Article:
Inventors have revealed what the world’s largest commercial* hybrid* aeroplane could look like.
The 70-seater jet is powered by a mixture of eco-friendly electricity and jet fuel, and is “whisper-quiet” overhead.
It’s called HERA, which stands for hybrid electric regional aircraft.
And it has a total range of 1480km, which is a little over the distance from Adelaide to Sydney (1367km).
However, inventors at Bristol-based Electric Aviation Group (EAG) in the UK say improvements to battery technology could extend this to 2222km after 2030.
Importantly, the aircraft can carry 70 passengers, which is difficult with an all-electric alternative.
That’s because bigger batteries means fewer passengers, due to the additional size and weight.
By combining a lithium-ion battery (similar to those found in smartphones and laptops and used to store power from sunlight on the International Space Station) with regular jet fuel, it’s possible to strike a balance to seat dozens of passengers.
EAG boss Kamran Iqbal said a hybrid is the best way to meet both environmental goals and make an aeroplane that is big enough to be practical.
“These small planes (that are fully electric) cannot meet the demands of mass air transportation or the requirements of decarbonisation*.”
The HERA craft is expected to be quiet so as to reduce noise pollution by as much as 65 per cent.
And it’s claimed that the aircraft will reduce the emissions of nitrogen oxide* by as much as 90 per cent.
EAG hopes to use the aircraft to ferry passengers during the day and deliver cargo on short night flights to suit the limited range.
The aircraft is still being developed, but EAG claims to have filed 25 patents* for the design.
UK Prime Minister Boris Johnson recently tasked UK aerospace experts with creating the world’s first zero-emission* long-haul jet, dubbed “Jet Zero”.
However, EAG’s aircraft isn’t strictly zero-emission, due to the use of traditional jet fuel.
HERA is expected to be ready for use in 2028.
This story was first published on The Sun and is republished here with permission.
MAVERIC ON THE WAY
European company Airbus unveiled a futuristic* new design for an aeroplane at the Singapore Airshow earlier this year.
It is called Model Aircraft for Validation and Experimentation of Robust Innovate Controls, or Maveric, and looks completely different to traditional, tube-shaped aeroplanes.
The model showed how what is called a “blended-wing” design, a concept used mainly in military aircraft, would look like for commercial planes.
Airbus began the Maveric project in 2017 and began tests on a small remote-controlled version last year.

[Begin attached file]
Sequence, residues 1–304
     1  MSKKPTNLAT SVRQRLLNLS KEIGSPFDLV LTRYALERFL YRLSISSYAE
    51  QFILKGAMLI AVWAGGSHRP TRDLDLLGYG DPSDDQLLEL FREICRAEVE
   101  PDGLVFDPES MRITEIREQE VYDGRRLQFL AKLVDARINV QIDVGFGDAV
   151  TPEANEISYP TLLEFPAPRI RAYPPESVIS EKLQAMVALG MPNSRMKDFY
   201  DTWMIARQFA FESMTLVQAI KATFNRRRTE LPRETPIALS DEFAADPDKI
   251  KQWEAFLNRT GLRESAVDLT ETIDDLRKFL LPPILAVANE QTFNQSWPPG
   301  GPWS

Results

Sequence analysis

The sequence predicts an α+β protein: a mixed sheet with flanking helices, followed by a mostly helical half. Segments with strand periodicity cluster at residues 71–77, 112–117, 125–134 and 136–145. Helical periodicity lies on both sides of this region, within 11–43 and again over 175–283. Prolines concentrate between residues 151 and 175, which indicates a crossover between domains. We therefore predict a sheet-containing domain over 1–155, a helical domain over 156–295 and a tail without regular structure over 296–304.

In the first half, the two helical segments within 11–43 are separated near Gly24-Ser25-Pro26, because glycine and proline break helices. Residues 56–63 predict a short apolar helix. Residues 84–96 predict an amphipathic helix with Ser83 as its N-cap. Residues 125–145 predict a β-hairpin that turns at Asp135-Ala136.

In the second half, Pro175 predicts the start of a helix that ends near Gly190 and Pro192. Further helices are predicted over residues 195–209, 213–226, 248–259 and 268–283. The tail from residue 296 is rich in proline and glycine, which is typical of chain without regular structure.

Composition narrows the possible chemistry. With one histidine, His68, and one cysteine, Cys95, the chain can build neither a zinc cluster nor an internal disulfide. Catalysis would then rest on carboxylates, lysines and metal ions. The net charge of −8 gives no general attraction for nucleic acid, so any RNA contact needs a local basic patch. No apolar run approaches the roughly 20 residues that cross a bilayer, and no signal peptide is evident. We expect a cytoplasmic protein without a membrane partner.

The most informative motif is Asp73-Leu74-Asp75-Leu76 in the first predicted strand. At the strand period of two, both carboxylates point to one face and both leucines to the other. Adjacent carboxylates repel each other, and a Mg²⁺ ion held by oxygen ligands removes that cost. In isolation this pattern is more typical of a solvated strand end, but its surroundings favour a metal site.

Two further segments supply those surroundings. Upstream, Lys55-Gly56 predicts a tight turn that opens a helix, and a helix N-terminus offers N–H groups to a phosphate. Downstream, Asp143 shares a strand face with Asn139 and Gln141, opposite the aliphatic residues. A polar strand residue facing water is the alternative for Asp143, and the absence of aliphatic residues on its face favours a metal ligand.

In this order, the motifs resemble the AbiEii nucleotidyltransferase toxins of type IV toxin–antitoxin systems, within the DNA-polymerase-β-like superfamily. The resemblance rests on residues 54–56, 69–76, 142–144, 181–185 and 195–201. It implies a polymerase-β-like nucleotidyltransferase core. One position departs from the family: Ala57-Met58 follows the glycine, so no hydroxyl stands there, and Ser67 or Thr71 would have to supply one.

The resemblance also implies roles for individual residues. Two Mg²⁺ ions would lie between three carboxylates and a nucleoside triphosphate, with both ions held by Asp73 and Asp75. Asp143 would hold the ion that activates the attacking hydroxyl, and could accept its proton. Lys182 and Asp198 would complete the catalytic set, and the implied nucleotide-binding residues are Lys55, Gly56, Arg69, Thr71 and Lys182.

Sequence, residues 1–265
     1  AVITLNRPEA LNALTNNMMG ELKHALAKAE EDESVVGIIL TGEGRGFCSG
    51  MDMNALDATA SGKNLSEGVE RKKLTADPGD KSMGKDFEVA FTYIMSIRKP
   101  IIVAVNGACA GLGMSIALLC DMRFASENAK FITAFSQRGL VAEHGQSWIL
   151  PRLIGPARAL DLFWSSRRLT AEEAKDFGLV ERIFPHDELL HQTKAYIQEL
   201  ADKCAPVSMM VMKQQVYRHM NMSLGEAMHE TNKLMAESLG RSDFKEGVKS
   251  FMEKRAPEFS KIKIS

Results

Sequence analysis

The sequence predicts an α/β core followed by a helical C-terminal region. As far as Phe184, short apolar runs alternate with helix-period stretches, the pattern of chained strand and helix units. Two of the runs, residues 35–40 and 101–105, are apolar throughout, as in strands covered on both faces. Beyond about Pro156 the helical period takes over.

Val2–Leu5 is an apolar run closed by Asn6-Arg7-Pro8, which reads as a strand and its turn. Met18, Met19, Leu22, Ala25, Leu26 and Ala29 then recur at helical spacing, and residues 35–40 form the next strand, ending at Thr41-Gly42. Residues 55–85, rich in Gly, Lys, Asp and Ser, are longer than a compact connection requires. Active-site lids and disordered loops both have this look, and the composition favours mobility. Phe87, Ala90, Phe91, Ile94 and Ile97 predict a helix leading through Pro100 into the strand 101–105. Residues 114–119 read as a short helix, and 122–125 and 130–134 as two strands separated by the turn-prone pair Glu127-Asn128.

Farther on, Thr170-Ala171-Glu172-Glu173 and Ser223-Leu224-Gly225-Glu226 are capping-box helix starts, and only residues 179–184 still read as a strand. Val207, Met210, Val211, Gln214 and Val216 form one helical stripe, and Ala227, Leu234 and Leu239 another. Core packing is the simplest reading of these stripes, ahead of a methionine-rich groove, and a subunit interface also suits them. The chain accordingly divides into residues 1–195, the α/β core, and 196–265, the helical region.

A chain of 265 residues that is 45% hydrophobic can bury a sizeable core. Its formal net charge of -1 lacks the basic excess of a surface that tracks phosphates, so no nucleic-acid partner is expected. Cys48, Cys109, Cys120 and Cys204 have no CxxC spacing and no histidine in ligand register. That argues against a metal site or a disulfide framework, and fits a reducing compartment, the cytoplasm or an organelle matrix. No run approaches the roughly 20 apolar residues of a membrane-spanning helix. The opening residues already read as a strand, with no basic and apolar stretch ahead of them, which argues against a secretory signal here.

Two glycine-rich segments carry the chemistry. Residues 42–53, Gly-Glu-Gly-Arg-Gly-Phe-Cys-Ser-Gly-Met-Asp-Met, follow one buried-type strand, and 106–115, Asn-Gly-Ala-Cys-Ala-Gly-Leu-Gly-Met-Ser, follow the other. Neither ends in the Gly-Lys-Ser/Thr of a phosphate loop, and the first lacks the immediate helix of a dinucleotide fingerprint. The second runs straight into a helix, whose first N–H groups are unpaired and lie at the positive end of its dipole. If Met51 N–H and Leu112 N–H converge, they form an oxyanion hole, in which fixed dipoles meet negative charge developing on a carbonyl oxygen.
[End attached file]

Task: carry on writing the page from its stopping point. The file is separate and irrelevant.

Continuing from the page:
The wings would be mounted on top of the plane at the back, rather than under the wings.
Designers believe the blended-wing shape will reduce fuel consumption by allowing air to flow more freely over the plane when it is flying.
The US military uses a similar shape in its B-2 Spirit stealth-bomber aircraft.
- commercial: to make money, such as by carrying passengers or freight, rather than for fun or for the military
- hybrid: a cross between two things
- decarbonisation: reducing how much carbon an activity puts into the atmosphere
- nitrogen oxide: a gas that is part of air pollution
- patents: legal right to develop, make and sell a design
- zero emission: means zero carbon emissions, or not putting any more carbon into the atmosphere than your activity can absorb from the atmosphere
- futuristic: like something from the future
- What is the hybrid plane called? What does this stand for?
- Why do the designers believe a hybrid plane is a good idea?
- Give the acronym for Model Aircraft for Validation and Experimentation of Robust Innovate Controls.
- Why would a blended-wing design be better for the environment?
- What does the B-2 have to do with this new plane?
LISTEN TO THIS STORY
1. Paper Plane Models
Using the images of these new aeroplane designs as your inspiration, use some A4 paper to construct a paper version of these new types of planes. Then make a traditional paper plane and compare which flies better. What other design features could you suggest to save fuel?
Time: allow 20 minutes to complete this activity
Curriculum Links: Design and Technologies
Why is it important to develop these new zero-emission aircraft?
What sort of pollution do these big jets give off?
Would you make the decision to fly more or less based on the effects of the environment?
Time: allow 10 minutes to complete this activity
Curriculum Links: English, Critical and Creative thinking
Read with Kung Fu Punctuation
Pair up with the article between you and stand up to make it easy to demonstrate your Kung Fu Punctuation.
Practice reading one sentence at a time. Now read it again, while acting out the punctuation as you read.
Read and act 3 sentences before swapping with your partner.
Have 2 turns each.
Now as a challenge ask your partner to read a sentence out loud while you try and act out the punctuation. Can you keep up?
Try acting out 2 sentences.
Are you laughing yet?
Have fun acting out your punctuation.
HAVE YOUR SAY: What kind of things would you like to design?
No one-word answers. Use full sentences to explain your thinking. No comments will be published until approved by editors.